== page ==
Shopper Marketing: Who’s really in charge?
Shared by Hal Brice Monday, February 21, 2011

Here’s the thing: Shopper Marketing is really a retailer function.
CPG brands can agree to participate in retailer-led programs, and they can show leadership in terms of bringing ideas to appropriate chains, but at the end of the day, a retailer with good segmentation and purchase data can drive the ROI like nobody’s business.

Retailers will control your success in this space. Period. And just like they realized long ago that they were in the real estate business and could rent you end caps and tags that would drive incremental cases, today your store partners understand that they’re in the data business. And they’re planning to control and leverage that data to their best advantage.

When the first “club cards” were introduced nearly 20 years ago, there was talk about using them to develop customer loyalty, but they were actually the cost of entry to get ad discounts. The bright, shining promise was that all this purchase history data would eventually lead to an end to coupons and weekly circulars and in its place, customer-specific marketing. A world where top customers would be embraced and satisfied because we could anticipate their needs before they knew they had them. A place where cherry pickers need not apply because mass offers of below-cost ad specials would be so very prehistoric. Where second-tier customers could be attracted and retained because we could provide meaningful offers on products they actually wanted. A relationship built on loyalty.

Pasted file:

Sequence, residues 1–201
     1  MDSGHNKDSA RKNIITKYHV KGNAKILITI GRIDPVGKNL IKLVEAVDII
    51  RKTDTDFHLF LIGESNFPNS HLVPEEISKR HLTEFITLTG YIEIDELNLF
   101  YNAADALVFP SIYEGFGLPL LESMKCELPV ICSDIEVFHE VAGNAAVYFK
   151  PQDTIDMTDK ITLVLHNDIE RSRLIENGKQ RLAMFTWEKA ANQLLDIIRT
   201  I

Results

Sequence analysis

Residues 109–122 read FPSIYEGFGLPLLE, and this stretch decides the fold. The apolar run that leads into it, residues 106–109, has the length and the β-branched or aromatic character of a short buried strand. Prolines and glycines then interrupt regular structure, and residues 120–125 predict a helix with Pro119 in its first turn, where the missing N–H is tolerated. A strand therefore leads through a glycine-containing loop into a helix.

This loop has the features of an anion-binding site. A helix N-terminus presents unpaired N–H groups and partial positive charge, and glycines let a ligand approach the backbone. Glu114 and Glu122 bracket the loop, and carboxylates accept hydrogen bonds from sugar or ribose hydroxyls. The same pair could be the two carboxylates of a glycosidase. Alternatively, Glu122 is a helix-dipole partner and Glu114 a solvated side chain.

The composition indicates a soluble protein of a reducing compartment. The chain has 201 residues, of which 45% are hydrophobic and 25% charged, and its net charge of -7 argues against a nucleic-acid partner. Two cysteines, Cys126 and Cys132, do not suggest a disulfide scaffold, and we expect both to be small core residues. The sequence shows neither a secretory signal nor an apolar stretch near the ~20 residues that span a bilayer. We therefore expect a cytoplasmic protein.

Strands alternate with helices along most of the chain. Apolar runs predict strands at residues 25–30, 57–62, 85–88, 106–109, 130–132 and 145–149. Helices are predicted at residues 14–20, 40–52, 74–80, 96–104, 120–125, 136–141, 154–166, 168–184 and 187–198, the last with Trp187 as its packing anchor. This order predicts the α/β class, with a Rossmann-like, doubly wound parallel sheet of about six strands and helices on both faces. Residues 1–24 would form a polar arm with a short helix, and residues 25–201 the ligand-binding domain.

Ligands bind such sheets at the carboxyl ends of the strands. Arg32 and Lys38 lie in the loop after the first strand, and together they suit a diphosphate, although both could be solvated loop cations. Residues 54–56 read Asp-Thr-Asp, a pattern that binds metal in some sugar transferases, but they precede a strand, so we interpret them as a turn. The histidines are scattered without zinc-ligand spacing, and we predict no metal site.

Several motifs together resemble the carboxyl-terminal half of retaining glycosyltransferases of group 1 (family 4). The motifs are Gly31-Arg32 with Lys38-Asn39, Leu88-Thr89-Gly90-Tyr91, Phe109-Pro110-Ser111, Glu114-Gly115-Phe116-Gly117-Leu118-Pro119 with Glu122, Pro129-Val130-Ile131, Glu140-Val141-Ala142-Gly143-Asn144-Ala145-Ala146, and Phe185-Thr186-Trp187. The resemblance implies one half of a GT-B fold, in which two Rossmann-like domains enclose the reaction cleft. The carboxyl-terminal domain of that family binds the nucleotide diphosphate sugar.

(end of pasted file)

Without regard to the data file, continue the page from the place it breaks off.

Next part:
That day is finally here.

It actually started arriving about five years ago at a handful of companies and it’s spreading quickly.

For retailers, this is a chance to finally change the game. A game where it’s all about the weekly ad and associated income. Where you don’t have to give away unproductive markdowns and live and die by how we did against the competition on lead features last week.

For CPG companies, your promotional funds need to be reallocated — and fast! It’s amazing that we still see companies that are more comfortable funding an FSI drop than they are an e-blast sent to a discreet list of shoppers likely to buy your products. Or an e-coupon loaded directly onto a customer rewards card that automatically deducts at the checkout. Is it because it’s easier to prove to the boss that you’re promoting when they see an actual coupon?

For agencies, yes, your paradigm continues to shift. But if you’re still here, you learned to adapt and grow even before the chaos scenario sent so many of our best and brightest into screenwriting. The good news is that the top of the purchase funnel still needs to be filled. Compelling stories need to be told. On television. In stores. On smart phones. In 140 characters or less.

As a customer, I’m excited that I’ll be getting more interesting and relevant offers. As a marketer, I’m ready to help our clients steal share from brands that can’t adapt.

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